Why Intuitive Eating Isn’t Always A Good Idea
I post this at the risk of rubbing a lot of people up the wrong way. There are a lot of nutritionists and dieticians out there that will tell anyone that will listen about the benefits of intuitive eating - which basically involves eating by listening to your body - eating when you are hungry and stopping when you are full as well as rejecting the diet mentality.
However, looking at the principles of intuitive eating from a psychological perspective - and taking into account the research we have from the field of neuroscience - the principles of intuitive eating are not always appropriate for everyone.
Why? Well firstly - we know from the field of neuroscience that a lot of our eating patterns are just automatic habits. We typically eat foods because we have eaten the same foods in the days before. The part of our brain responsible for these decisions around food is just on auto-pilot mode. So this means that if I am in the HABIT of eating lots of cake and chocolate - and then decide that I am just going to listen to my body and eat what it craves, that I will then just crave those cakes and chocolate every day. YOUR BODY IS JUST TELLING YOU TO DO WHAT IT IS IN HABIT OF DOING. If you have always skipped breakfast, your body will keep telling you to skip breakfast - because it is just in the habit of not eating breakfast, even if eating this meal is actually good for your body. So eating intuitively is not a great idea until you have built healthy habits that will serve your health long term. This is why I always ensure that I help my clients to build healthy habits before I encourage them to then tune in to their body and listen to their hunger cues.
Secondly, a lot of people have an unhealthy relationship with food. Perhaps they are used to eating low calorie meals or skipping meals - and then over-eating/ bingeing on foods. Or perhaps they feel guilty when they eat certain foods. Now I will be the first person to tell you that the diet-mentality does not serve anyone - and I definitely support the principle of intuitive eating that encourages individuals not to diet anymore. However, asking anyone that has any form of disordered eating to just listen to their body and eat when they are hungry - is a recipe for disaster. Listening to their body may involve wanting to starve themselves - again because they have just built up the habit of doing this over many years. A lot of supporters of intuitive eating will warn that people with eating disorders should not use its principles. However, in my experience, many people (even those who don’t have eating disorders) have disordered eating patterns. Diet culture is so ingrained that many individuals have developed unhealthy patterns around food - starving themselves and then comfort eating. For these individuals - without changing these deeply ingrained patterns and giving them appropriate psychological support - just asking them to listen to their body, can be very damaging.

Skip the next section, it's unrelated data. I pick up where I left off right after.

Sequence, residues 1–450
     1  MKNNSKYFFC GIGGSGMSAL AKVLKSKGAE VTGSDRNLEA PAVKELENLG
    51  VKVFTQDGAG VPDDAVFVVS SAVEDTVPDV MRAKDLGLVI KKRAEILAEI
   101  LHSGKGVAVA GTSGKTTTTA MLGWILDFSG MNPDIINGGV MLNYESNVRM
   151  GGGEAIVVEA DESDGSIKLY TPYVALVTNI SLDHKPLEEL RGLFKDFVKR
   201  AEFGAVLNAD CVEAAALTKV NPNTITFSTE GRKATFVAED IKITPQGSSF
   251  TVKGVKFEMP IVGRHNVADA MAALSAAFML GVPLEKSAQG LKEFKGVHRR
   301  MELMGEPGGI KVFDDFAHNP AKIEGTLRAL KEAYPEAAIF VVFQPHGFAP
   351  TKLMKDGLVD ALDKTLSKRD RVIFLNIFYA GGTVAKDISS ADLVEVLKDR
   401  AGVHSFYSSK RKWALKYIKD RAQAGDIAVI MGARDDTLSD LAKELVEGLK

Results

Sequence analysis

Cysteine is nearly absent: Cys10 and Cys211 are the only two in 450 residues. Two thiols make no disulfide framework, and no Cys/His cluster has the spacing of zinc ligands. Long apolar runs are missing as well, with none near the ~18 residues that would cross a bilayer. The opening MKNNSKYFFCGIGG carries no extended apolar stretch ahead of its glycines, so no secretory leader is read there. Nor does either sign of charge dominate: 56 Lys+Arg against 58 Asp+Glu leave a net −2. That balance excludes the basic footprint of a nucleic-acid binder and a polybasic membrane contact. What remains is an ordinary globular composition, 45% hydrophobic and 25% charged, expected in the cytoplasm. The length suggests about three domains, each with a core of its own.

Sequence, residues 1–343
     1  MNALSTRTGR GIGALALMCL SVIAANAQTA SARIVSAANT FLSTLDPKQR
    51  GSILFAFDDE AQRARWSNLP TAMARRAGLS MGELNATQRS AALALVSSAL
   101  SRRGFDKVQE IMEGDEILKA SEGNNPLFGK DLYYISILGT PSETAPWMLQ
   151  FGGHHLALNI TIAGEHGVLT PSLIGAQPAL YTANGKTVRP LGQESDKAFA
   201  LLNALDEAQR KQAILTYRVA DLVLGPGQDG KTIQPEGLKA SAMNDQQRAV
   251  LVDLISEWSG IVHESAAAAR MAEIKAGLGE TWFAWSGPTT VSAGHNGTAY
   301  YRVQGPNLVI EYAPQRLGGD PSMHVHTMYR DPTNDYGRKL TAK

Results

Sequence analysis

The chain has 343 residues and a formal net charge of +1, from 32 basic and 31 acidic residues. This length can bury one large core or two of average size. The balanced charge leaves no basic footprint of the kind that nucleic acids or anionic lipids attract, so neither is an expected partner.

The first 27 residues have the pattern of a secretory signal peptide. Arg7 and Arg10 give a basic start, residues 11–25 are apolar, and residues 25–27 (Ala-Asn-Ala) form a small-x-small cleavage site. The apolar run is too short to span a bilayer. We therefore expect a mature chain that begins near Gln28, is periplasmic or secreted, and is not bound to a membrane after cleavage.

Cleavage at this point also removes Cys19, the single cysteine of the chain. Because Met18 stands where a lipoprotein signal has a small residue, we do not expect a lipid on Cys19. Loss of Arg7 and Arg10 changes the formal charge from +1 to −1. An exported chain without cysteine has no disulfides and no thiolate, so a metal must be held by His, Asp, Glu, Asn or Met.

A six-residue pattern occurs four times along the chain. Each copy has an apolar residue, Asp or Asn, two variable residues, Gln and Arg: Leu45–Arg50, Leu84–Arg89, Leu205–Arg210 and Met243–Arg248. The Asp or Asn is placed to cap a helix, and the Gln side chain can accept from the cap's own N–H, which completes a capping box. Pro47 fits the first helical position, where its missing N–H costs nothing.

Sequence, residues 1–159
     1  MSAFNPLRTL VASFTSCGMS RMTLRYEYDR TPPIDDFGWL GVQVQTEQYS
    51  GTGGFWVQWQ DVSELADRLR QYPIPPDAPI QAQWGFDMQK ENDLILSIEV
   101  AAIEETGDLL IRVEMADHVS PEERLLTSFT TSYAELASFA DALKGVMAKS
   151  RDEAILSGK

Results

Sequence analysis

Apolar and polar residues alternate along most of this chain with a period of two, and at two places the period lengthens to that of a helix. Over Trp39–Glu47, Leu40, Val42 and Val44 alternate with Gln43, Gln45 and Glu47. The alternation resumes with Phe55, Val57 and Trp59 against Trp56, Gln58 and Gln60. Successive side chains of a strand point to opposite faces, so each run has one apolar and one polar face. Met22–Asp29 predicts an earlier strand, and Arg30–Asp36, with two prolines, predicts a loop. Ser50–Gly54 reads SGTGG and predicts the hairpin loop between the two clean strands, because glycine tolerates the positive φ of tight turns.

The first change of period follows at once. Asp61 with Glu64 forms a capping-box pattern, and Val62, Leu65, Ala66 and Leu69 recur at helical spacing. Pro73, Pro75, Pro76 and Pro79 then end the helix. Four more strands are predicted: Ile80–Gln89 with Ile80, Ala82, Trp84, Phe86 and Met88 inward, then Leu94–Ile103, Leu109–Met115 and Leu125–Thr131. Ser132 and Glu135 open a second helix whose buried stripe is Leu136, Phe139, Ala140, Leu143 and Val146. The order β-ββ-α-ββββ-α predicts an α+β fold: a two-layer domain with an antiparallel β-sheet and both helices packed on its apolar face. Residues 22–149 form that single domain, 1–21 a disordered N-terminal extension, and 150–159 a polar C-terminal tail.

Thirdly - many individuals over-eat due to emotional reasons - such as sadness, stress, anxiety or boredom. Just encouraging someone to eat when they are hungry does not account for times when individuals are eating not due to hunger but due to other emotions. People eating emotionally often know that they are not PHYSICALLY hungry - they are instead eating just to cope. So we need t